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From Trash to Treasure: How Clean Energy and Waste Management are Turning Waste Into Green Fuel

By: Nick Leto
by

Nick Leto

on 15 April 2014

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Transcript of From Trash to Treasure: How Clean Energy and Waste Management are Turning Waste Into Green Fuel

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From Trash to Treasure: How Clean Energy and
Waste Management are Turning Waste Into Green Fuel
By: Nick Leto
In Modern American society, the common fact is that we are known to create an insane amount of garbage (
65.5% of which goes to a landfill
).

The decomposition of organic material from garbage in landfills releases methane gas, which is a potent global warming pollutant.

At the same time, the modern transportation system is powered mostly by fossil fuels and also releases global warming and toxic air pollution.

The Dilemma
Although the ultimate solution to the problem of waste generation and pollution from landfills must include reduction of waste going into the landfills, the fact is landfills aren't going anywhere any time soon.

Many landfills combust methane from their garbage in onsite flares or engines, or vent it through carbon absorption systems. This release of combusted methane adds to negative public health aspects and climate impacts of the sites.

These actions are classified as highly
unsustainable
in regards to high public safety and the maintaining of a healthy ecosystem.
Turning

Trash

into
Treasure
Today, two California companies are turning rotting lemons (garbage) into lemonade (low carbon fuels for cars and trucks), and are showing that AB 32 creates a powerful incentive for new ideas and innovations.
AB 32: Assembly Bill 32, the Global Warming Solutions Act, set forth a plan to reduce greenhouse gasses by 2020 in California (Signed into law 2006).

Clean Energy
and
Waste Management Inc.
are looking to change traditional management of landfill gas, deploying an innovation that can help reduce pollution from the transportation sector and lead to reduced landfill emissions.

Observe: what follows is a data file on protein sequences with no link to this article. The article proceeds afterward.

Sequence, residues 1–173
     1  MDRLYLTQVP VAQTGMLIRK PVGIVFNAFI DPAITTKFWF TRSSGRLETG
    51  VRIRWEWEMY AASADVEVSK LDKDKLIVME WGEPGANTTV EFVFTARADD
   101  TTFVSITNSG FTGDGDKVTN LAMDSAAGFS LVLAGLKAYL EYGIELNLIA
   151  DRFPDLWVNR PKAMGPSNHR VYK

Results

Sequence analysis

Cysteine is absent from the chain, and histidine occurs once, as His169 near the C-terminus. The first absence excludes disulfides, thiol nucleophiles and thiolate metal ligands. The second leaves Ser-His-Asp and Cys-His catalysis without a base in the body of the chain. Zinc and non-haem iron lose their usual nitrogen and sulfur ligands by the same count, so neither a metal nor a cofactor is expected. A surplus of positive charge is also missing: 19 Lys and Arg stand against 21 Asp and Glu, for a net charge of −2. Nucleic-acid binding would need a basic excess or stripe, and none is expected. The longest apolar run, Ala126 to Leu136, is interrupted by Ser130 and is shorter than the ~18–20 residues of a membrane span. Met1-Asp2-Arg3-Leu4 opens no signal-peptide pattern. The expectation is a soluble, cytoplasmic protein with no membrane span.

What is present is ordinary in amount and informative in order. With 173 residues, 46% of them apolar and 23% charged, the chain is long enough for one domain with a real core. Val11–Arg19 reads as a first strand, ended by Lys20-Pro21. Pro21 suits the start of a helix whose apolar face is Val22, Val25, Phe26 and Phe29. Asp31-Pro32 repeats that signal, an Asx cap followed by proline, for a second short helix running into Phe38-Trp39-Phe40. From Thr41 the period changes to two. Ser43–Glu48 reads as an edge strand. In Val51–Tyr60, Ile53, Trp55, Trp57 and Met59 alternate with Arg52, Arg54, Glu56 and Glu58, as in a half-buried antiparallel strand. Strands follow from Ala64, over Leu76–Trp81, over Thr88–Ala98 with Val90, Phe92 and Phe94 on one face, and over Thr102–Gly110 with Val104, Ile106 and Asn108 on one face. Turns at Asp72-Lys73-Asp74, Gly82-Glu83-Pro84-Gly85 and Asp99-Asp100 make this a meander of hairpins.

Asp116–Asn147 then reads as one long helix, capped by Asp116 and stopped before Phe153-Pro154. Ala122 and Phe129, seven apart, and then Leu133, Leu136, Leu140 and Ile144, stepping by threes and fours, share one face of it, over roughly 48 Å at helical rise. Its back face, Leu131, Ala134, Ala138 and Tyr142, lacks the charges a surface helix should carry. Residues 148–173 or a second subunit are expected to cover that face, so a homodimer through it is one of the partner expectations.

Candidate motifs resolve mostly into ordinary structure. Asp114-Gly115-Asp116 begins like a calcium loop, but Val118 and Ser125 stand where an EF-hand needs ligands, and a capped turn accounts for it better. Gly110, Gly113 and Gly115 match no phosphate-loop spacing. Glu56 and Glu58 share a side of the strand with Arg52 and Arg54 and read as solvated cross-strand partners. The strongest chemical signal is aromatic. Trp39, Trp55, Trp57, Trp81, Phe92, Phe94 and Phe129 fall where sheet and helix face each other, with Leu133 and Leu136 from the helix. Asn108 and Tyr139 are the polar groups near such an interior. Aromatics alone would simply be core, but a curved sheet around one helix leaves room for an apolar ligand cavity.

Both companies are capturing landfill gas and turning it into an economically valuable commodity (called
Redeem
) that displaces gasoline and diesel fuel from the economy.

Also, provided that leaks are prevented when the landfill gas is captured, processed and distributed to consumers, the work of these two companies can help the climate and help California reach its pollution reduction goals.

And because processed landfill burns much cleaner than petroleum based fuels, using it in cars and trucks can result in cleaner air and other public health benefits, a
sustainable
practice that many companies are starting to notice.
What They're Doing
Other

stakeholders

are taking note of the good work that Waste Management and Clean Energy are doing.

According to Julia Levin, executive director of the Bioenergy Association of California, "The work by Clean Energy and Waste Management on biomethane is a triple win for California. They are demonstrating that we can produce clean-burning natural gas fuel that significantly cuts greenhouse gas emissions, reduces our dependence on fossil fuels and cleans up our air, while simultaneously closing the loop on waste."
Not Going Unrecognized
Sharing the
Sustainability
In addition to reducing pollution through new technology, Waste Management and Clean Energy are showing leadership in other areas.

Along with EDF (Environmental Defense Fund), both companies are participating in a study led by West Virginia University to measure methane leakage from natural gas vehicles and fueling stations, the results of which are expected to be submitted for publication this summer.

Arizona
Arizona landfills are designed with environmental concepts in mind.
With state-of-the-art technology, including advanced liners, leachate collections systems, ground water monitoring, and gas control equipment, Waste Management hopes to continue to expand their practices of sustainability throughout Arizona and the country.

All of these tools allow the landfills to operate efficiently, while ensuring environmental integrity.

Arizona can hope to expect sustainability programs like that of West Virginia and California to surface in the coming years, as it will be a key spot of attention (40x20 plan, Super Bowl, etc.).
There is an indisputable elegance to the idea of transforming garbage into fuel, but big drawbacks have prevented the wholesale adoption of trash-to-gas technology in the United States:

Incineration is polluting, and the capital costs of new plants are enormous. Gasification systems can expend a tremendous amount of energy to produce a tiny amount of electricity.

Though the concept is relatively new, if we can dispose of the waste and create energy at the same time, the result would be a silver bullet
Conclusion
Citations
Assembly Bill 32: Global Warming Solutions Act. (n.d.). Assembly Bill 32. Retrieved April 14, 2014, from http://www.arb.ca.gov/cc/ab32/ab32.htm

Municipal Solid Waste. (2014, February 28). EPA. Retrieved April 14, 2014, from http://www.epa.gov/waste/nonhaz/municipal/

O'Connor, T., & Looker, C. (2014, April 11). How Clean Energy and Waste Management turn trash into green fuel. GreenBiz.com. Retrieved April 14, 2014, from http://www.greenbiz.com/blog/2014/04/11/clean-energy-waste-management-trash-fuel

Tullis, P. (2013, August 17). Trash Into Gas, Efficiently? An Army Test May Tell. The New York Times. Retrieved April 14, 2014, from http://www.nytimes.com/2013/08/18/business/trash-into-gas-efficiently-an-army-test-may-tell.html?pagewanted=all&_r=0

Waste Management. (n.d.). Arizona. Retrieved April 14, 2014, from http://www.wm.com/location/arizona/az/areas/index.jsp

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